Predicting the difficult airway

Difficult to Bag Ventilate

Difficult BVM (MOANS)

  • Mask seal
  • Obesity
  • Aged
  • No teeth
  • Stiffness (resistance to ventilation)

Difficult to Intubate

A grade 3 on the upper lip bite test (patient unable to bite upper lip with lower teeth) has LR+ 14 for predicting difficult intubation[1]


An airway assessment score based on criteria of the LEMON method is able to successfully stratify the risk of intubation difficulty in the emergency department.[2]


  • Look at the patient externally for characteristics that are known to cause difficult laryngoscopy, intubation or ventilation[3]
  • Trauma
  • Short neck
  • Micrognathia
  • Prior surgery
  • May also be difficult to bag
    • Body mass index
    • Advanced age
    • Beard
    • No teeth
    • Snoring
    • Dentures

Evaluate 3-3-2-1

3-3-2 ruleDistance between patient's incisor teeth of 3 finger breadths and distance between the thyroid notch and the floor of the mouth should be at least 2 finger widths
  • 3 - Ideally the distance between the patient's incisor teeth should be at least 3 finger breadths
  • 3 - Distance between the hyoid bone and the chin should be at least 3 finger breadths
  • 2 - Distance between the thyroid notch and the floor of the mouth should be at least 2 finger breadths
  • 1 - Lower jaw should not sublux more than 1cm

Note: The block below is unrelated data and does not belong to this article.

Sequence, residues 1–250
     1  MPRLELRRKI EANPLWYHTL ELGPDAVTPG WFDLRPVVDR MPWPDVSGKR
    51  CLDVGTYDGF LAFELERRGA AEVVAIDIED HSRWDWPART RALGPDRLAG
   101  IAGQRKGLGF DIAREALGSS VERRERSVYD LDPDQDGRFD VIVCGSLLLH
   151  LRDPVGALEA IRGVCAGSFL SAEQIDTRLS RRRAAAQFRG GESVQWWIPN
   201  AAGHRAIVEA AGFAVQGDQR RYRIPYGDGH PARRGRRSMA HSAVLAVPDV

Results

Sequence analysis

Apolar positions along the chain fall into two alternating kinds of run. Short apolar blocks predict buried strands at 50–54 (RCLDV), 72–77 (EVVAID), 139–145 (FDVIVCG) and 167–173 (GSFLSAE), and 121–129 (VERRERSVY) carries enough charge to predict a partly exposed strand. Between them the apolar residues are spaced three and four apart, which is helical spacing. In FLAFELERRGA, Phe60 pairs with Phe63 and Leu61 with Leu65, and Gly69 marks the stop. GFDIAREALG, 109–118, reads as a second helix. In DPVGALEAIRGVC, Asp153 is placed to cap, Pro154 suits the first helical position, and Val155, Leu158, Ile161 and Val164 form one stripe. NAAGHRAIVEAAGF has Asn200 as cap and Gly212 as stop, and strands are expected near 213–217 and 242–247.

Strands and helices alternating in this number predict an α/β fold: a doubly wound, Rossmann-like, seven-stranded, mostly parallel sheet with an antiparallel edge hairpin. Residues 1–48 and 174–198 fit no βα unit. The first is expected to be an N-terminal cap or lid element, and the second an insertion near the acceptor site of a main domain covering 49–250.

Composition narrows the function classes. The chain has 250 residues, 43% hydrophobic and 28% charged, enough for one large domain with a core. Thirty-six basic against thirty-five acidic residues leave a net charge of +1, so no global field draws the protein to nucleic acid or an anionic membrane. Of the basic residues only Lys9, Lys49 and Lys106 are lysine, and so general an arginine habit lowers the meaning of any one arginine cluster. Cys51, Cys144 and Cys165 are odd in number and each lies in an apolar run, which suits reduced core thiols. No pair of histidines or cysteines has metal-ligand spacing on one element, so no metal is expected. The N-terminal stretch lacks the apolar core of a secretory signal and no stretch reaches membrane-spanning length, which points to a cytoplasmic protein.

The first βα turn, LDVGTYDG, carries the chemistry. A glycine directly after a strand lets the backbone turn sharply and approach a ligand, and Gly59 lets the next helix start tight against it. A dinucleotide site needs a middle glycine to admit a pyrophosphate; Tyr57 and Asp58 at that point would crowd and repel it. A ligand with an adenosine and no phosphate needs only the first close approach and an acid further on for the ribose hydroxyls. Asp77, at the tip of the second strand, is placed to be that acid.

Mallampati Score
  • The patient sits upright, opens mouth and protrudes tongue
  • Grades are based on visibility of the uvula, posterior pharynx, hard, and soft palate


Neck Mobility

  • Patient places chin down onto their chest and extend their neck.
  • Remove the hard collar and provide manual stabilization in trauma patients.
  • Poor neck mobility impacts ability to have airway access alignment.

See Also

Airway Pages


  1. Detsky ME, Jivraj N, Adhikari NK, et al. Will This Patient Be Difficult to Intubate?: The Rational Clinical Examination Systematic Review. JAMA. 2019;321(5):493-503.
  2. Reed, M. et al. Can an airway assessment score predict difficulty at intubation in the emergency department? Emerg Med J. 2005 Feb; 22(2): 99–102. doi: 10.1136/emj.2003.008771
  3. Rennie LM, Dunn MJG, et al. Is the ‘LEMON’ method an easily applied emergency airway assessment tool? European Journal of Emergency Medicine 2004;11:154–7